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US Navy ends contracts with firm linked to scandal

The US Department of the Navy logo hangs on the wall February 24, 2009, at the Pentagon in Washingto,DC
The US Department of the Navy logo hangs on the wall on February 24, 2009, at the Pentagon

The US Navy has cancelled more than $200 million in contracts with a Singapore-based defense firm caught up in a major bribery scandal linked to senior naval officers, officials said Thursday.

The Navy called off four contracts worth $203.5 million and prohibited new orders with Glenn Defense Marine Asia (GDMA), which is at the center of a criminal case involving payoffs and prostitutes, two naval officials said.

"All four contracts were terminated," a Navy official, who spoke on condition of anonymity, told AFP.

The company's CEO, Malaysian businessman Leonard Francis, has been charged with conspiring to bribe naval officers with prostitutes and perks to secure lucrative contracts to provide American ships with food, water and other supplies at port visits in Asia.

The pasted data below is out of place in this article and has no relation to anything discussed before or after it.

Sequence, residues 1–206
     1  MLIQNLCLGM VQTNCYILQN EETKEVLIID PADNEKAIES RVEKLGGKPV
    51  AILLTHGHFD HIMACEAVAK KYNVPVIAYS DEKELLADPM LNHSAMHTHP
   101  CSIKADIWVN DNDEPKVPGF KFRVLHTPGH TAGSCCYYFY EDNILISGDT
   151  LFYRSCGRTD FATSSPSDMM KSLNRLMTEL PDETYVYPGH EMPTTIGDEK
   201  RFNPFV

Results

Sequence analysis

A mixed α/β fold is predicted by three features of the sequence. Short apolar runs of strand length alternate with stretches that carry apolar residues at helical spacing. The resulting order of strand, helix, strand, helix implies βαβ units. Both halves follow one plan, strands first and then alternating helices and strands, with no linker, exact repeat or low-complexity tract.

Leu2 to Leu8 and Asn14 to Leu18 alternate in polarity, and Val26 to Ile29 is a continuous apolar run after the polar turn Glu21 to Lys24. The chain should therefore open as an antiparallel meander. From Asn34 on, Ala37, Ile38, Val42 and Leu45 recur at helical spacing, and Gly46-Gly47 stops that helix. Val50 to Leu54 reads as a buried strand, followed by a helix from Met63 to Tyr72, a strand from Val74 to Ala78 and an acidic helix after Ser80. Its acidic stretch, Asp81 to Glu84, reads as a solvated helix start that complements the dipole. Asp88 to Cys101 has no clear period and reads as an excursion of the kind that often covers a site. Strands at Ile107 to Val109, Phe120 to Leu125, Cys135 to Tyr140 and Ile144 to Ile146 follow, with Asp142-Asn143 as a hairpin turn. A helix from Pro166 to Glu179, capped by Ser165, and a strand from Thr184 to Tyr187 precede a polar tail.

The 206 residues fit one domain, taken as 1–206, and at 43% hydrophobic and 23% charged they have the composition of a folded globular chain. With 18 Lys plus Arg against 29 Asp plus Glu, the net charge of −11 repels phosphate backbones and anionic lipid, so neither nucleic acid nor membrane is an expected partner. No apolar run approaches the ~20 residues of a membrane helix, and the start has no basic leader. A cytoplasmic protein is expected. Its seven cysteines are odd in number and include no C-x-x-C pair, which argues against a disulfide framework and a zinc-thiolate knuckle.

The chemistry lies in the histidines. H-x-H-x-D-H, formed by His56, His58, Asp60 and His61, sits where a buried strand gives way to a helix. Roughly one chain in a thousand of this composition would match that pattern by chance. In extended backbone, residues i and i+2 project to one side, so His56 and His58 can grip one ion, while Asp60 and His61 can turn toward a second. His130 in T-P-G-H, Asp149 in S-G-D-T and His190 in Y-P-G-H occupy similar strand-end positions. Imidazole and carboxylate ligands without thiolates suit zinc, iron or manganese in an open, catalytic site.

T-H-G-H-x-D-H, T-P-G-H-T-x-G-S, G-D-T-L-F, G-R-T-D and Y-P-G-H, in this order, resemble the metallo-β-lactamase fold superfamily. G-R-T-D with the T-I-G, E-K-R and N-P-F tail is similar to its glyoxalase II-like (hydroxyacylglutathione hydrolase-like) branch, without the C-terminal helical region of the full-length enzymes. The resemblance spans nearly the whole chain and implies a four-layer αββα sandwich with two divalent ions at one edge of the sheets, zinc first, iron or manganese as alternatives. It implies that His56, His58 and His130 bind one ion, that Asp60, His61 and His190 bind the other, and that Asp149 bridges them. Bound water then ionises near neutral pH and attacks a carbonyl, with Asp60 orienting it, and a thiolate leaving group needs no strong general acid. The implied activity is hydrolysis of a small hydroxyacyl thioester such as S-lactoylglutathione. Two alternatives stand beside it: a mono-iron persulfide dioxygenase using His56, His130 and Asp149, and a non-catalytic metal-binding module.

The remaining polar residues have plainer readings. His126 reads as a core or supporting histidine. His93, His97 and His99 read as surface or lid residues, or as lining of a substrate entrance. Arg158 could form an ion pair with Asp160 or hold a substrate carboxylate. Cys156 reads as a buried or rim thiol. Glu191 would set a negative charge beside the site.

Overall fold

"We have discontinued all active contracts, subcontracts, task orders and delivery orders with GDMA," the official said.

"These suspensions mean that we are not able to enter into new contracts or issue any new task or delivery orders with GDMA."

GDMA's Francis allegedly paid naval officers with luxury travel and female escorts in exchange for confidential details about ship movements and other information related "to hundreds of millions of dollars in Navy contracts," according to a September statement from the US attorney's office in San Diego.

On its website, GDMA touts itself as "Asia-Pacific's leading naval logistics and marine husbanding service provider" that is able to provide "24/7 naval fleet support."

US Navy spokesman Admiral John Kirby has said the case is still unfolding and that more senior officers and civilians could be charged by federal authorities.

Three naval officers already have been charged and two others are under investigation in a case that has rocked the American navy.

The case follows pledges by naval leaders in recent years to clamp down on corruption and waste related to contractors, after a 2011 scandal that involved kickbacks worth $10 million.